Mountain Biking Guidance #3:
What would you do if a dead pig dropped into the trail in front of you?
While mountain biking many years ago, I ran into an older cyclist and rode with him for a while. He tended to wax poetic about the scenery and the trail. He talked about his experiences in the mountains and his ideas about mountain biking. These came to me, in later thought, to appear as something like the Art of Mountain Biking. He had several consistent guiding ideas. Mountain Biking Guidance #1 was: “enjoy the ride”. Mountain Biking Guidance #2 articulated the secret ethos of most riders: “go as fast as possible”. This guidance has unfortunately led to several personal surgeries. Mountain Biking Guidance #3 was an answer to this question: “what would you do if a dead pig drops into the trail in front of you?” The response to this metaphorical event is that you do not immediately change your speed, posture, or center of gravity. In other words, do not panic. Keep your weight distributed evenly and slightly back, your center of gravity low, and your touch on the handlebars light. In mountain biking lingo—maintain what is called “attack position”. Do not suddenly brake, veer off the path, or radically change your posture, or you will crash because of your actions themselves—never mind the obstacle.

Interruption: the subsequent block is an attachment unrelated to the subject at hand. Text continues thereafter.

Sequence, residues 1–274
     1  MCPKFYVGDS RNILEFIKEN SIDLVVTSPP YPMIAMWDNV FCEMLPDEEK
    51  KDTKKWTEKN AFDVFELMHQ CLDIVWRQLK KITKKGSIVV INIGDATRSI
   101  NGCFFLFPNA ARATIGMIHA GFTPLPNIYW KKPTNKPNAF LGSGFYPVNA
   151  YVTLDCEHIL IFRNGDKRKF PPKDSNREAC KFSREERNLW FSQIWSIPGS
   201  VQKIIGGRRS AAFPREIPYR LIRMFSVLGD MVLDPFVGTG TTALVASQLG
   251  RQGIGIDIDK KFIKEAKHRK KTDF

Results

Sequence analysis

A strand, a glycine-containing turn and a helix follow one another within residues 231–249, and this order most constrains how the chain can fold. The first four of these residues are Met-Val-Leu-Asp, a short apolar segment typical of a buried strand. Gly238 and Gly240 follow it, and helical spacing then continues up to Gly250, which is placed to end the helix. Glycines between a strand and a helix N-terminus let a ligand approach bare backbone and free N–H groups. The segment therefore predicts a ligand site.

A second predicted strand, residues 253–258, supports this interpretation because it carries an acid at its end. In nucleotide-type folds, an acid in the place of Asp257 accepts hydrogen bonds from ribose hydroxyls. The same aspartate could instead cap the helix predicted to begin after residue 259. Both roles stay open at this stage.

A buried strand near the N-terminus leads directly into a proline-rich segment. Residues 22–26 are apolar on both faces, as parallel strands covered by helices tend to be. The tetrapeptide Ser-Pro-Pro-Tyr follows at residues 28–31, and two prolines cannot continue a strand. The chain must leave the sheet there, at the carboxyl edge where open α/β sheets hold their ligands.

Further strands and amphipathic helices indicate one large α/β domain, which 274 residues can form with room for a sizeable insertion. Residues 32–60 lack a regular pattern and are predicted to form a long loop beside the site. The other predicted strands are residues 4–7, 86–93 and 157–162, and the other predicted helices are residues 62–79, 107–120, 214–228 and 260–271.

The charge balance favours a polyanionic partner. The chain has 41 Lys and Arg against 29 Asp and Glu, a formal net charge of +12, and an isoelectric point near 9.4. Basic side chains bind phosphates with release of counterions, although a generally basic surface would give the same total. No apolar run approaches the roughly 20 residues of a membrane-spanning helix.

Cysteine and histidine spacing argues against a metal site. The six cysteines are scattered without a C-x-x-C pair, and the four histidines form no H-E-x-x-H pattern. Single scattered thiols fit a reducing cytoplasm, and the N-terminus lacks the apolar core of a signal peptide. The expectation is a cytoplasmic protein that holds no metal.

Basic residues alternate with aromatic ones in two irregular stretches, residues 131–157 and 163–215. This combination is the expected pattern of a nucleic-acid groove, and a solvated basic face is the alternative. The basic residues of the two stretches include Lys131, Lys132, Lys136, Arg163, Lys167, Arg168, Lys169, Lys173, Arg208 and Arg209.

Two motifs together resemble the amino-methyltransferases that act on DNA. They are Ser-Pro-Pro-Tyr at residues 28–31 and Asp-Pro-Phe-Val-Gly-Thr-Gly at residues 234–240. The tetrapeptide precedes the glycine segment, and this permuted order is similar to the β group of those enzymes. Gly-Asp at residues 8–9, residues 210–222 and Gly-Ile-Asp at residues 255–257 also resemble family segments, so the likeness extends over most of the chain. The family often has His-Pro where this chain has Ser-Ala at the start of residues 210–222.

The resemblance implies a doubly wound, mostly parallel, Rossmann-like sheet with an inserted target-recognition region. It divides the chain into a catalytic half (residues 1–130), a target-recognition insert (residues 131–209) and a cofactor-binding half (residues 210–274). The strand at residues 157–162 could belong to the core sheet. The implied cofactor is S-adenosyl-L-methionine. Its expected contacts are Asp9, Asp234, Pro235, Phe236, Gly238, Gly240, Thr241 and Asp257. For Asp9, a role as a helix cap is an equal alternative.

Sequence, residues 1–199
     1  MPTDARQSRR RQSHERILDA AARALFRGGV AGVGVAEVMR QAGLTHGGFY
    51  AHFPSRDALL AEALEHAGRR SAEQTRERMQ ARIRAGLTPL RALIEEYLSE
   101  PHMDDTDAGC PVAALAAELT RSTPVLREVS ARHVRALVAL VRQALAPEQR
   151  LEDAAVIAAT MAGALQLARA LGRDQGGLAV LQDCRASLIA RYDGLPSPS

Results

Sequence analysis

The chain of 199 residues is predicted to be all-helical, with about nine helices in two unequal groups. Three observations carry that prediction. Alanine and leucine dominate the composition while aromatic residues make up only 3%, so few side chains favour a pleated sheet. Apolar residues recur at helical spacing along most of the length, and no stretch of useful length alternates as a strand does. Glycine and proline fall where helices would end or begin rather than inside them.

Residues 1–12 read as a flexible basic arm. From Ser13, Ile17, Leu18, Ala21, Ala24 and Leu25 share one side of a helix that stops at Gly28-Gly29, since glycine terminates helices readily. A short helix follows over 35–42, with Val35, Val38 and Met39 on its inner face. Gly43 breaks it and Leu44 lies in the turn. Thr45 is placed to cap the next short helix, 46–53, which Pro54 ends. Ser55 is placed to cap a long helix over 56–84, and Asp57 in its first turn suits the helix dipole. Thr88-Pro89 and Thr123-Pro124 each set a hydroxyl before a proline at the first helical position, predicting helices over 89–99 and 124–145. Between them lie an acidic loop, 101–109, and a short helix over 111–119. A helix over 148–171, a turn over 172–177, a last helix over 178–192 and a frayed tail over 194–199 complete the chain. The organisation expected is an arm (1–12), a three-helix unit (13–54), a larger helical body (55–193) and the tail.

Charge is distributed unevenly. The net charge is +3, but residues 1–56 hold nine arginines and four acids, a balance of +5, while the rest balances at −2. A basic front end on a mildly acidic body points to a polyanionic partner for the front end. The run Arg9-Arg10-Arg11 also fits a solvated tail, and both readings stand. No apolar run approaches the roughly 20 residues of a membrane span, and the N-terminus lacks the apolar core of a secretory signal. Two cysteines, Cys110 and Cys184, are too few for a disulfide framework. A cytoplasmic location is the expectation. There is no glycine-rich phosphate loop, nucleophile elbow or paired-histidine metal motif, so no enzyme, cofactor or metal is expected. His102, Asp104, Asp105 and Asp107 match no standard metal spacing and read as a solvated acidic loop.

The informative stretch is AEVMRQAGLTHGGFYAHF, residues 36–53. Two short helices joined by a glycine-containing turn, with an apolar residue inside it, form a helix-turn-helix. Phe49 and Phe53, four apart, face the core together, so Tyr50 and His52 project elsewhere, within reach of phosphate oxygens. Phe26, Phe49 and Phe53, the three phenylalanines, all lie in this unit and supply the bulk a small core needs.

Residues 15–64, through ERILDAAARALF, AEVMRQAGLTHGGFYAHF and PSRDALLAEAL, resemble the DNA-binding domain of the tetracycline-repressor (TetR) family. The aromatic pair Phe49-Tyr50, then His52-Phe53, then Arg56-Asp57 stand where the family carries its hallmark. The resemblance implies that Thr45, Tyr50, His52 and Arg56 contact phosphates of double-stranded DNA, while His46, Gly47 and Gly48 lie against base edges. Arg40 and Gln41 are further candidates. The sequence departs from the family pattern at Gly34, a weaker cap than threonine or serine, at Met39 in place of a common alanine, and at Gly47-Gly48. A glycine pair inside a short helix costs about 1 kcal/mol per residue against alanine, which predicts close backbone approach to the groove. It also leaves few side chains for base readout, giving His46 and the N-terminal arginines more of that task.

If there is an Art of Mountain Biking then it has meaning in a larger sense, and this year is that proof. When we are traveling down a path with clear forward vision and the unexpected happens, what are we going to do? If we have detailed plans and expectations and a pandemic hits, how do we handle this?
Faculty and staff in the UCLA Neurology Department did not panic. Clinical care continued with a seamless move into telemedicine. Research labs constricted the number of personnel on-site, but used video conferencing, and established new structures to expand data analysis and experiments. Medical student and resident education also pivoted to video contact and then to structured interactions at reduced personnel densities. These responses required a lot of work and also led to interesting new directions. The following vignettes from our Stroke Service, a clinical research lab, and our residency education office indicate how the critical missions of academic neurology reset and carried on during the pandemic. In these examples, UCLA Neurology faculty uncovered new information on how the COVID-19 virus leads to severe infection, changed the care of stroke patients, investigated how the COVID virus causes stroke, and developed a virtual Neurology Residency interview process for young doctors in training.
In life, there are inevitable and unforeseen risks. We may hit the pig, but we keep on the bike and then continue down the trail.